Pruritus (itch) is one of the most frequently identified signs and symptoms of uremia. This clinical condition is known as uremic pruritus, a common, disturbing symptom among dialysis patients. According to a multinational, cross-sectional study of dialysis patients, the Dialysis Observation and Practice Patterns Study (DOPPS), the prevalence of moderate to extreme uremic pruritus in dialysis patients was 42% and with a prevalence in the U.S. of 40% (Pisoni 2006). Uremic pruritus has been shown to be associated with significant, deleterious impairment of the patient quality of life based on QoL measures such as sleep disruption, social functioning and affective disturbances (Mathur 2010 and Pisoni 2006) as well as increased mortality (Pisoni 2006 and Narita 2006). Pisoni concluded that the higher mortality rate associated with moderate to extreme pruritus may be explained in large part by the presence of pruritus leading to a sleep disturbance, which ultimately is associated with increased mortality risk.
While the etiology of uremic pruritus is unknown, it is hypothesized that circulating molecules in the uremic milieu activate central itch pathways through opioid receptors (the “opioid hypothesis”).
Trevi has conducted the largest-to-date controlled study in uremic pruritus. It was a Phase 2/3 Randomized, Double-Blind, Placebo-Controlled, Parallel, 3-Arm Study of the Safety and Anti-Pruritic Efficacy of Nalbuphine HCl ER Tablets in Hemodialysis Patients with Uremic Pruritus. This study dosed twiced-daily at 60 mg and 120 mg in approximately 370 patients on hemodialysis in the United States and Europe. Patients with a wide range of mean moderate-to-severe itch intensity, ranging from 4.5 to 10 on the ten-point Numerical Rating Score (NRS) scale, were enrolled to evaluate efficacy across a representative patient population for this chronic indication. This study consisted of a titration period of two weeks, followed by a six-week blinded period on a fixed dose of drug or placebo and a wash-out period. At the end of the wash-out period, patients were eligible to roll over into a six-month open label extension study.
Patients receiving 120 mg of Nalbuphine® ER (n=120) experienced a 3.5 point reduction in itch intensity from baseline, resulting in a highly statistically significant mean reduction in itch intensity as compared to placebo (p-value=0.017). A statistically significant mean reduction for Nalbuphine® ER compared to placebo was observed as early as one week following titration to the Nalbuphine® ER fixed dose, and there was a statistically significant separation from placebo throughout the remaining blinded period. Severe itch patients (those with an NRS score greater than or equal to 7) experienced on average an NRS score reduction of 4.5 points from baseline, (p-value-0.007). The 60 mg dose showed a numerically favorable reduction over placebo, but did not achieve statistical significance. The secondary endpoints, the Skindex-10 Disease Domain and the Itch MOS Sleep index, provided confirmatory evidence of a favorable Nalbuphine® ER effect on itching compared to placebo.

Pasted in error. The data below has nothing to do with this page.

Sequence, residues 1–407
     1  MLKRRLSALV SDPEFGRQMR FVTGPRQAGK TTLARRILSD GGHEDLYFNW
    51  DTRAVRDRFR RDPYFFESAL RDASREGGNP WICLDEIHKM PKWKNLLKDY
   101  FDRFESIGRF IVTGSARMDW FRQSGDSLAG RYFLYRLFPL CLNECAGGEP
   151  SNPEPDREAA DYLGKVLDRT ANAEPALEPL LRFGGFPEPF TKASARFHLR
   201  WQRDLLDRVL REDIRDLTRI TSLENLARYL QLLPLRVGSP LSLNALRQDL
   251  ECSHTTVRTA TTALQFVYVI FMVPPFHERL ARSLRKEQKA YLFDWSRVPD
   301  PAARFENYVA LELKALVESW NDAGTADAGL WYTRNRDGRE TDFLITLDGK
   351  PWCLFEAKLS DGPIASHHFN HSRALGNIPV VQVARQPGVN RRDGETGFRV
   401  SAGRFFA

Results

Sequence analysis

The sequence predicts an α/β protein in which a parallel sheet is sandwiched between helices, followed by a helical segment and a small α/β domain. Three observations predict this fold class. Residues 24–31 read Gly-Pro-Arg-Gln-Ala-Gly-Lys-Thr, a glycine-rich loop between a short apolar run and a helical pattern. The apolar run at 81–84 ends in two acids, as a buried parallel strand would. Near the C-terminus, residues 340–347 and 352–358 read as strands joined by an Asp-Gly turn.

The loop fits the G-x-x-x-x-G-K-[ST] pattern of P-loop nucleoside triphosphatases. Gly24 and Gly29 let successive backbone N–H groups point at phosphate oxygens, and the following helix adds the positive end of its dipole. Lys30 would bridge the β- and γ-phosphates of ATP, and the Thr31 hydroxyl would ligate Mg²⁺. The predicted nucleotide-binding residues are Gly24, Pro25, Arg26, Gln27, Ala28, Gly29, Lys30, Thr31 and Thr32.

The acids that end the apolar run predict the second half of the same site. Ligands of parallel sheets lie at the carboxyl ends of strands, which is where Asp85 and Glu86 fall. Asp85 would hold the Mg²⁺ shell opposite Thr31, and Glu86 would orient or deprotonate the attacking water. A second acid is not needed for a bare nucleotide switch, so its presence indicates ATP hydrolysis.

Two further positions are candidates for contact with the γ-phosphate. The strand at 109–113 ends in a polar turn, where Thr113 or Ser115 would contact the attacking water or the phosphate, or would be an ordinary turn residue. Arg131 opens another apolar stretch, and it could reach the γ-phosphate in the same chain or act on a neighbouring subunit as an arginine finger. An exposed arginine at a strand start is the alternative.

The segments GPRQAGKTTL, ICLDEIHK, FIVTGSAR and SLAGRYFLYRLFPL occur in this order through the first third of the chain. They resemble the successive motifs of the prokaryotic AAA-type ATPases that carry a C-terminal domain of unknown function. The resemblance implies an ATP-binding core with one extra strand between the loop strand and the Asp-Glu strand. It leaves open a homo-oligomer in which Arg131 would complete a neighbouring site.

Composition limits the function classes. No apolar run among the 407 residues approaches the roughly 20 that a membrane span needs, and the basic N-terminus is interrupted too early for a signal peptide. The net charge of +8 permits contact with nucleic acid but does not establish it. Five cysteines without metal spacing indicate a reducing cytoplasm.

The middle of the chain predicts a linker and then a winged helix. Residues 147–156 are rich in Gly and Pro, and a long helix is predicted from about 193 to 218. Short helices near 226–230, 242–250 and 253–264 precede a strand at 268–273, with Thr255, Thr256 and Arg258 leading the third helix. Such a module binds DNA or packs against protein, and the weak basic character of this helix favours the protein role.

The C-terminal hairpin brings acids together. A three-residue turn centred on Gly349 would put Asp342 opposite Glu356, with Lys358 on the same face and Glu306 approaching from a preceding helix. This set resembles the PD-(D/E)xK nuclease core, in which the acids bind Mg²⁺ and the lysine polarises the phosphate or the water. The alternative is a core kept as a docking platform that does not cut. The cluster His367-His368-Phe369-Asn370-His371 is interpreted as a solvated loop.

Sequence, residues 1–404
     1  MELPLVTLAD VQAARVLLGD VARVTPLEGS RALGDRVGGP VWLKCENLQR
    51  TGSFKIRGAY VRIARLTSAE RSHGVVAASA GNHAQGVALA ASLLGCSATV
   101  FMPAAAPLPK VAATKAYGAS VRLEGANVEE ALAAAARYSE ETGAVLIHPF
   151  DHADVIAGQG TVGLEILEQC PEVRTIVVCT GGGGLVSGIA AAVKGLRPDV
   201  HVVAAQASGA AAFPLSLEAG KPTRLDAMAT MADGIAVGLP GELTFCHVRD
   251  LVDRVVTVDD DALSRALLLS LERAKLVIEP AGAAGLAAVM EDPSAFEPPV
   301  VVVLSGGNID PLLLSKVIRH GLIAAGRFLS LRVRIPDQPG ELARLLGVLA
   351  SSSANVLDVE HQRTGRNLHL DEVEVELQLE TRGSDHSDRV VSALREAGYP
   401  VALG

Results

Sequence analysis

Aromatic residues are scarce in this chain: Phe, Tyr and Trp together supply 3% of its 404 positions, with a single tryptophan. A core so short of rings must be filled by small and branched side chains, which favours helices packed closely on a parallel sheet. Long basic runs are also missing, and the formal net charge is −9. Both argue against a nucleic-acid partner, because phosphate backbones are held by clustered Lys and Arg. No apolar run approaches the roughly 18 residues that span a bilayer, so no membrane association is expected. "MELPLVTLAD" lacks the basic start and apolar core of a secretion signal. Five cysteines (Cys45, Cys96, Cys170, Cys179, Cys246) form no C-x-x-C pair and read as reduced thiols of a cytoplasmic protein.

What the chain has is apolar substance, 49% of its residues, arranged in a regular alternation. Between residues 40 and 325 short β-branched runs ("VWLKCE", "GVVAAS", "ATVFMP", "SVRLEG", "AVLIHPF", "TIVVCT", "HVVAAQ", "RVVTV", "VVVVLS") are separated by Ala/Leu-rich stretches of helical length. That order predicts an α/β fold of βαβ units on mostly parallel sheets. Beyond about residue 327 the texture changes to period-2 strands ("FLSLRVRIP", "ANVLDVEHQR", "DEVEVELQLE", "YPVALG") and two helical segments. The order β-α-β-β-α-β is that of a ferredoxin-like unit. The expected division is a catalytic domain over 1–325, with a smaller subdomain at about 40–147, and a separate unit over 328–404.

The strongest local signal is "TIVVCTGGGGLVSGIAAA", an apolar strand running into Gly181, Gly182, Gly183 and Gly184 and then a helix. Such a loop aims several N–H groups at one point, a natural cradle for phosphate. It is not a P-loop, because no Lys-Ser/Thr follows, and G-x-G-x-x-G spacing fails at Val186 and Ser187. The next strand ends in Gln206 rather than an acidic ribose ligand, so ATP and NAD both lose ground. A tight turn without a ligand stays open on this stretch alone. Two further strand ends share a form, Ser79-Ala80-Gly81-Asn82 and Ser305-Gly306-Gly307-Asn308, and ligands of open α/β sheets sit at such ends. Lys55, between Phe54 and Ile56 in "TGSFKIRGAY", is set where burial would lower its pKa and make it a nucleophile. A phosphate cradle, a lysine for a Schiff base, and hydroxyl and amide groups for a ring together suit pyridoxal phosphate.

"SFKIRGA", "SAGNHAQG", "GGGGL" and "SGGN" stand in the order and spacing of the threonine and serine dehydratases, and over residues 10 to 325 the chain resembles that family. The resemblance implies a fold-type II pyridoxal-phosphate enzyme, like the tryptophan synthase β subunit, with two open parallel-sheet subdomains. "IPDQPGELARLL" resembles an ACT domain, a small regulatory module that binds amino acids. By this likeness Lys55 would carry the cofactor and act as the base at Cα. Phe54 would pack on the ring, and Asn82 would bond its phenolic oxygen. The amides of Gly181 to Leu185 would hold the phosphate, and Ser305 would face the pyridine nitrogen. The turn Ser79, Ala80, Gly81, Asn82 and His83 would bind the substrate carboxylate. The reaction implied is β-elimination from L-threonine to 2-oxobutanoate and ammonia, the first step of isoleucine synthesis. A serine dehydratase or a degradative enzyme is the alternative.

Trevi conducted a six-month open label extension study in hemodialysis patients with uremic pruritus. This was a multi-center, open-label, single-arm study that was the extension of a randomized controlled trial in which patients were treated for 8 weeks. The parent study met its primary efficacy endpoint, demonstrating that NAL 120mg resulted in a significant reduction in itching intensity as compared with placebo. The conclusions of the study were that long-term treatment with Nalbuphine® ER was associated with significant and sustained reductions in itch intensity and improve itch-related sleep disruption and quality of life.
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